Finding used cars for sale these days is easier, thanks to the Internet’s help.  Classifieds websites like Craigslist, eBay, and especially car classifieds search engines like allow you to easily search for used cars for sale from thousands of websites. But how can you determine if you’re getting a fair price? For that matter, how can you stretch a deal to its limit and get a fair price for the used car without prompting a seller to walk away from the deal?

Here are some suggestions and tips that will help you in negotiating the price for a used car.


  • Get a vehicle history report – Find out the vehicle’s VIN number and get a vehicle history report. Used car dealerships should be able to provide you with a vehicle history report, but get the VIN number and request your own report to double check the report’s accuracy.  Private sellers should be able to provide you with the VIN number from their insurance or car title or from under the windshield.  Go online to request a car history report from sites like Carfax or This will provide you with a detailed vehicle history, including any accidents.
  • Perform a thorough inspection of the vehicle – Used cars can be good deals, but sadly, there are a lot of lemons out there and plenty of people who want take you for every last buck. Perform your own inspection and if the used car appears to pass muster, take the car to a mechanic whom you trust and ask his or her opinion on the condition of the vehicle.  Take note of what needs to be repaired or changed and get price estimates on the fixes.
  • Determine current market value range for the car – Use either the Kelley Blue Book ( or the site to calculate the market value.  These national automotive vehicle valuation and information companies evaluate used cars by make, model, year, and retail vehicle sales in your area to provide good price ranges for fair market value.  Adjust the current market value to account for any special options (e.g., navigation, leather, etc), mileage, and car condition.  Assume the car is of average condition and select “Good” condition.  Once you’ve done that, you can select to see 3 values in KBB: private party price, trade-in price, and retail price.  A reasonable price range to use would be between the private party price and the retail price.
  • Determine an offer price and the maximum price you’re willing pay – If you’ve determined the seller is asking a fair price, offer to buy the car for some amount off the asking price.  Determine the maximum price you’re willing to pay by factoring in the KBB/Edmunds price range, the repair costs that will be required, and your budget.  Don’t offer the maximum price you’re willing to pay as the first price.  Make your first offer price $500+ below what you’re willing to pay.  (But be willing to pay more—just don’t let them know it!) Pretend you don’t hear any questions they might ask right after you make the offer and let them think it over in silence.  If they counter-offer, be willing to raise your price a small increment at a time.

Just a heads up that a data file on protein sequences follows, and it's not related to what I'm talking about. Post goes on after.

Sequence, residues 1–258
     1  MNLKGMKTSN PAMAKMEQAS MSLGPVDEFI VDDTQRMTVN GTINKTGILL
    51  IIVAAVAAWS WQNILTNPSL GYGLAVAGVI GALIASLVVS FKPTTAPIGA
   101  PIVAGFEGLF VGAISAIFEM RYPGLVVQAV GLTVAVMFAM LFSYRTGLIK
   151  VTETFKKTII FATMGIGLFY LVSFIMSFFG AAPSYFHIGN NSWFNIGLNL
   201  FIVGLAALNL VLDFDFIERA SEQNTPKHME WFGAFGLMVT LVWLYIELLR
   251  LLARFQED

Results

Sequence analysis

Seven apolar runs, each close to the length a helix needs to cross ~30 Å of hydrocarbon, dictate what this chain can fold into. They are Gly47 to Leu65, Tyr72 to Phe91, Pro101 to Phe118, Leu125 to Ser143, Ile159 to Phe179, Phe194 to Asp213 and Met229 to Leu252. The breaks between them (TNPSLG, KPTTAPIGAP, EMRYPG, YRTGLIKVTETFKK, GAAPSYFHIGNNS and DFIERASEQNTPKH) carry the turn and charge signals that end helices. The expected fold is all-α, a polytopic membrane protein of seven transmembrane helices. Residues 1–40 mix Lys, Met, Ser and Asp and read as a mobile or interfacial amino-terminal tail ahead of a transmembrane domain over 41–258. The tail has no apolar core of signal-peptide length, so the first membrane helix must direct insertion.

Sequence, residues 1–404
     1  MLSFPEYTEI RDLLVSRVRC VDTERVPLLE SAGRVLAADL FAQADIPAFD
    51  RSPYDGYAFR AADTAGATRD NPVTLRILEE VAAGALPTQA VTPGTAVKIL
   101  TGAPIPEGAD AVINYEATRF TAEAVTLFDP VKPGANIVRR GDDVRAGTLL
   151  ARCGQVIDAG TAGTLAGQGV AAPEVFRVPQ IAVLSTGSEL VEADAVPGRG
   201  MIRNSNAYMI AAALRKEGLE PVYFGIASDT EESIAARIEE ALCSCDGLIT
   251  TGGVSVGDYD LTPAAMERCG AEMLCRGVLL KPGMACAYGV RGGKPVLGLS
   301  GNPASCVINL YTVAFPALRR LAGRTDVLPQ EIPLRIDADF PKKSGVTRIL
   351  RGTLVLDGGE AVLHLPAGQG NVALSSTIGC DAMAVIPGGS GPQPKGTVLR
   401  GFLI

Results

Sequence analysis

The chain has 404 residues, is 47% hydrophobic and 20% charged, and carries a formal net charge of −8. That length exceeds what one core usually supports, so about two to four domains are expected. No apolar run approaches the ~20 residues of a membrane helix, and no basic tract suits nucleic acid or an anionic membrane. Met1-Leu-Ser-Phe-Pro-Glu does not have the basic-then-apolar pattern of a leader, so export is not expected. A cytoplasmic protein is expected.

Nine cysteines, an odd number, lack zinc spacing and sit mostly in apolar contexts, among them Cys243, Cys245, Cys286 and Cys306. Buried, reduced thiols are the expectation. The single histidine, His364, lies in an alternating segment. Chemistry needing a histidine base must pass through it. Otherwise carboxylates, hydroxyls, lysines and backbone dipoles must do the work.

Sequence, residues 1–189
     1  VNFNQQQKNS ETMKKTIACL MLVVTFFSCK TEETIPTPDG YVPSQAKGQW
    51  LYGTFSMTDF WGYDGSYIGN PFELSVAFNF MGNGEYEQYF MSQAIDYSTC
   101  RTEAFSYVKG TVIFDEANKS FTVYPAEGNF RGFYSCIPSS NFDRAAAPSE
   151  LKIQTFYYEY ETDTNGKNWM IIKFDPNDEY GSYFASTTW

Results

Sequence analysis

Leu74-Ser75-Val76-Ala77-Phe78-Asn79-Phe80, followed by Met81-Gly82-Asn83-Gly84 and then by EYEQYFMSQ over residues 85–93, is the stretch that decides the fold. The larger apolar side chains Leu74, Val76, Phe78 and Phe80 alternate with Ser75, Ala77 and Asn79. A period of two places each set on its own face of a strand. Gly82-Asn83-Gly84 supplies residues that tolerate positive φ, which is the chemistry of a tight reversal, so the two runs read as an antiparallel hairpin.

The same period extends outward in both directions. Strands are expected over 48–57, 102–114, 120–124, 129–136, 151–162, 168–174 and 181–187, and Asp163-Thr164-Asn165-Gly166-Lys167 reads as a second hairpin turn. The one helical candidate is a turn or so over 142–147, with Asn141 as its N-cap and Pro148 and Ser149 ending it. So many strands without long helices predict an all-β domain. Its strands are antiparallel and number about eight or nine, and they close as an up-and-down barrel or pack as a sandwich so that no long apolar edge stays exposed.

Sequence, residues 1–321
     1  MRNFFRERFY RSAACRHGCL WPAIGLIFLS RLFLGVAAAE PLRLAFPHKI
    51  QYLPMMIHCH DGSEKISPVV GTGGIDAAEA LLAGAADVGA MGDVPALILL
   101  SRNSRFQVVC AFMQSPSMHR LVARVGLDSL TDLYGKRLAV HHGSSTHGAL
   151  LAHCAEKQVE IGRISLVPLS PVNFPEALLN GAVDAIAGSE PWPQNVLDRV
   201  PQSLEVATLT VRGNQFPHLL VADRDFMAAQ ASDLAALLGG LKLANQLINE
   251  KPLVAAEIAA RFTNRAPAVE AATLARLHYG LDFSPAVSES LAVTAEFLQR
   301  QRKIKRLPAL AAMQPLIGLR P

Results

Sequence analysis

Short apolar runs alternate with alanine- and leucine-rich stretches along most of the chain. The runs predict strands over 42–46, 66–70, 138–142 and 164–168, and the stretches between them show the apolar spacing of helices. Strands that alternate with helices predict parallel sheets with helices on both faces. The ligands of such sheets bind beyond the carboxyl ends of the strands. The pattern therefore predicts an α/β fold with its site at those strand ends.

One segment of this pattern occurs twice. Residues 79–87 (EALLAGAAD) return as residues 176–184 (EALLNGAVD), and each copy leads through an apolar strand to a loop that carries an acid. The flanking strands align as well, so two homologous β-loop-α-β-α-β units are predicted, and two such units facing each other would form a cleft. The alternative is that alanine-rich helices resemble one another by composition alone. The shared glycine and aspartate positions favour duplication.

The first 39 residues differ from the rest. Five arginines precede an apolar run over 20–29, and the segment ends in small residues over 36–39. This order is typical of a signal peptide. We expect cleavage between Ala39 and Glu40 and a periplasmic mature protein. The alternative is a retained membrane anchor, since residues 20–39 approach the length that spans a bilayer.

• If you determine that they’re charging too much, show them how you calculated the current market value.  Tell them you would still like to consider their car, but there is no way you can pay more than market value and you are open to a better offer from them but will have to continue your car search otherwise. Private sellers especially may be too impatient to let you get away and offer to lower their price!
  • Get a loan before arriving at the dealership. That way, you can avoid the extra complication of having to talk to the dealer about getting a loan and avoid any unnecessary extra fees the dealers may pile on top.
  • Do not show your emotion. This is an odd but important step to remember. Whether dealing with used car dealerships or used cars for sale by owner, don’t let them know when you’re excited or that you definitely want the car. This will make them less likely to negotiate with you when it comes to the price because they’ll have you pegged as a sure sale. Let them know how thoroughly you’ve been researching the used car they have for sale and that you’re also considering several others for sale by someone else.

Be confident in the negotiation and do not be afraid to walk away if the price isn’t right.  In this market, there are plenty of used cars for sale, particularly trucks and SUV’s that are in over abundance with little buyer demand.  As long as you’ve done your research and armed yourself with the necessary information about the car, the chances are good you won’t get ripped off and could end up with a great deal.

For more information on used cars, visit which provides tips, advice, and commentary on searching and buying used cars.  The blog is written by the team at, a search engine for used cars for sale, created by people who think buying used cars are better than buying new and who are passionate about building a better tool for users to search for used cars.

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